Minnesota Law

Summer 2021
Faculty Focus

Prof. Orfield’s Minnesota Law Roots Stretch Back Over a Century

The Orfields Have a Long Legacy of Performing Public-Policy Work for the State, Nation, and World

Professor Myron Orfield (left);  his great uncle Matthias Orfield '12 (upper right); and his uncle and mentor Lestor Orfield '27 (bottom right)

Someone from the Law School’s Law Library called up Professor Myron Orfield a few years back asking if he was related to Matthias Orfield, a 1912 Minnesota Law graduate whose papers the library had recently acquired. It turns out that Matthias Orfield, who had been deputy attorney general of Minnesota  and later an assistant attorney general of the United States, was Myron’s great uncle. The papers were filled with fascinating details about Matthias’s life and career as a public servant. “Both my grandfathers were born in Norway, but Matthias was the first [family member] born in the United States,” says Myron Orfield. 

Matthias served two presidents (FDR and Truman). He had a distinguished legal career, briefing the landmark 1934 case Home Building & Loan Assn. v. Blaisdell, 290 U.S. 398 (1934), which upheld Minnesota’s Mortgage Moratorium Law (enacted to reduce foreclosures on homes during the Great Depression) and arguing Minnesota v. National Tea (309 U.S. 551) before the U.S. Supreme Court. “The Blaisdell case was one of the first times that New Deal principles were upheld by the U S Supreme Court,” and National Tea was a very important taxation case, says Orfield. 

Knighted in Norway

Myron Orfield’s uncle Lester Orfield, who graduated from Minnesota Law in 1927, was one of the nation’s most influential scholars in the field of criminal law, helping to draft the Federal Rules of Criminal Procedure. “Lester’s scholarly research was often cited by the U.S. Supreme Court and other federal courts” says Orfield, “and his treatise Criminal Procedure Under the Federal Rules (1967), currently in its second editionremains in print and influential.” 

Lester Orfield was a drafter of the Federal Rules of Criminal Procedure

Lester Orfield later wrote an internationally-renowned treatise, The Growth of Scandinavian Law (1953), that resulted in his being knighted by the King of Norway in 1957. As Myron Orfield explains, “Lester was given one of the highest honors in Norway, Knight First Class of the Order of Saint Olav, which today isn’t even given to non-citizens of Norway.” Lester would also become a mentor to nephew Myron.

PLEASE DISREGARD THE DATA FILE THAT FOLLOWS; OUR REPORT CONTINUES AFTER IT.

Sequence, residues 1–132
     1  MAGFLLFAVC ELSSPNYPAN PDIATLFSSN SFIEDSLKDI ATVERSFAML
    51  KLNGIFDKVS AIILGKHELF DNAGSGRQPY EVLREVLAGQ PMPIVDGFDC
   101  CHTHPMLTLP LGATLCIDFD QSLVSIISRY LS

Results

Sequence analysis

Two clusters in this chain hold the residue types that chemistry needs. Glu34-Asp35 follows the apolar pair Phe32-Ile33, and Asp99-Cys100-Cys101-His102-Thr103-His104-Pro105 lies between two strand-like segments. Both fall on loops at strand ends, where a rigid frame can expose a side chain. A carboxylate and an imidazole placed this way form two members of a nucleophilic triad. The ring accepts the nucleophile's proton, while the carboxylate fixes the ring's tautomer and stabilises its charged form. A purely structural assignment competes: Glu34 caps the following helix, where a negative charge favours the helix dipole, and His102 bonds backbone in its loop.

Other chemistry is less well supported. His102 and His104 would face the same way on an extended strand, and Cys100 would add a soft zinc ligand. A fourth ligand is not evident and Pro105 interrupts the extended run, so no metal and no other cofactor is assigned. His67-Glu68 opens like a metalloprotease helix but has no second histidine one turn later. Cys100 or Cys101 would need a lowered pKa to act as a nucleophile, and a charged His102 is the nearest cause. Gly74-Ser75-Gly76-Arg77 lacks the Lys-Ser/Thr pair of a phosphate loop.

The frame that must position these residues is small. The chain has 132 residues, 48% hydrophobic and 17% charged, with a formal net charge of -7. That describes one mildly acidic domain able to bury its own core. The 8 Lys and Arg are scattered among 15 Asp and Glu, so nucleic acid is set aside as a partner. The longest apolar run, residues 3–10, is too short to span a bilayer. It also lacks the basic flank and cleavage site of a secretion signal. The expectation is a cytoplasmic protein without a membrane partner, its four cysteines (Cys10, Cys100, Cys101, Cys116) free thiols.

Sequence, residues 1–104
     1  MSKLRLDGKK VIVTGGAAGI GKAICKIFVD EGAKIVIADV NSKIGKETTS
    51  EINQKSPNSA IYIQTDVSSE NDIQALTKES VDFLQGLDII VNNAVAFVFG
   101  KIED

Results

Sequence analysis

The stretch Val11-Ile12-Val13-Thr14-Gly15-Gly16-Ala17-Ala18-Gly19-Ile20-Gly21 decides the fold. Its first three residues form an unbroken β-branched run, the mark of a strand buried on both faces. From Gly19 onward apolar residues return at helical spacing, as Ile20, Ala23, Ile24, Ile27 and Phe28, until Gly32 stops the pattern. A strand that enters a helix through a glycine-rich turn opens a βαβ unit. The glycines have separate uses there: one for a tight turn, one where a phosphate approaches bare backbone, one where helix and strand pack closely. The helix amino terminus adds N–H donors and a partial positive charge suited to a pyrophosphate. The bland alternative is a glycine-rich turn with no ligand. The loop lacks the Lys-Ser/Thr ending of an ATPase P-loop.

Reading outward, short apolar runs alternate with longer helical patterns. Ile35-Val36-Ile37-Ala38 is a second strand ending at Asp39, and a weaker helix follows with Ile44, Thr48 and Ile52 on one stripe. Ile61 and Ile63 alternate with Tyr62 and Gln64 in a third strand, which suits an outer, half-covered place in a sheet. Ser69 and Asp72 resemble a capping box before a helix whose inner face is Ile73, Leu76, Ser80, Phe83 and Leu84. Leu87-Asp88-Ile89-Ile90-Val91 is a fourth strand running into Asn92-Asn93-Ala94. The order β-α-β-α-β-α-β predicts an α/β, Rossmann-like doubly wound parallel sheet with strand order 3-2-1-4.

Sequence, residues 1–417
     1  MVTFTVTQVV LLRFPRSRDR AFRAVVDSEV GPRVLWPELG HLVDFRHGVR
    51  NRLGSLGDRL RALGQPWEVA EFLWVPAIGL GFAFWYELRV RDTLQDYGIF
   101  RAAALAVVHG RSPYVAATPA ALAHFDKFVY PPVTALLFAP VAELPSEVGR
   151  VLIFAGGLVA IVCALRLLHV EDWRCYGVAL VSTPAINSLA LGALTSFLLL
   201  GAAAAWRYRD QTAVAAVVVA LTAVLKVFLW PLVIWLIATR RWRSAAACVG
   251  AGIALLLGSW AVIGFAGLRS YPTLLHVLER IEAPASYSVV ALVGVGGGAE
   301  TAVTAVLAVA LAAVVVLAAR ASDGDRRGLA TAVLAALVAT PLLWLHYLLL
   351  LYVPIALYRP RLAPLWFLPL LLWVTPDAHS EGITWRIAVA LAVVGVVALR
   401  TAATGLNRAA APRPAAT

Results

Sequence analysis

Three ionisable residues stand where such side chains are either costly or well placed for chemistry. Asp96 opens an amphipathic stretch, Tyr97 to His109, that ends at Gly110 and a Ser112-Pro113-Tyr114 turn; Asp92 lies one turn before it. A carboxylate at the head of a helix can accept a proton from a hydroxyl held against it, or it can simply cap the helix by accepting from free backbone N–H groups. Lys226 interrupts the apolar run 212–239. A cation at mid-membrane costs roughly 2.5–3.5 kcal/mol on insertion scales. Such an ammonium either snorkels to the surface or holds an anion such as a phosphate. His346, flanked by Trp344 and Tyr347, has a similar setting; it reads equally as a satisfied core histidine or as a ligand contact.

The Legacy Lives On

Myron Orfield grew up steeped in the progressive values and civic-mindedness of the Orfield family. While serving in the Minnesota legislature, Myron spearheaded fair housing legislation. Later, he served on the National Commission on Fair Housing and Equal Opportunity, as an academic advisor to the Congressional Black Caucus, and as an advisor to President Barack Obama’s transition team. During Obama’s presidency, Orfield helped the Department of Housing and Urban Development and the Justice Department draft fair housing rules to strengthen the government's power to address residential segregation.

Orfield is currently the director of the Law School’s Institute on Metropolitan Opportunity, which investigates how laws, policies and practices affect development patterns in U.S. metropolitan areas, with a particular focus on social and economic disparities. The IMO’s mission of connecting academic research to public policy-making is clearly aligned with the Orfield legacy. 

“Part of what I take from my family is a strong belief that evidence and research should matter for making public policy.”
Professor Myron Orfield

“Part of what I take from my family is a strong belief that evidence and research should matter for making public policy,” says Orfield. His current research focuses on some of the nation’s toughest policy issues, including school desegregation, fair housing, and criminal justice reform.

Myron Orfield has inherited an abiding faith in reason and a clear mission: “The Orfields came here from Norway as immigrants looking for equal opportunity. Matthias advocated against powerful interests like monopolies and banks, and on behalf of farmers and working people. Lester sought to strengthen the constitutional rights of the accused. Today, we need to continue working to protect equal opportunity for all, especially for new immigrants. The University of Minnesota Law School allowed my family not only to become Americans, but also to participate in shaping the legal system of their new country. Today’s immigrants need to have the same opportunities that my family had.”

—Chuck Leddy is a Boston-based freelance writer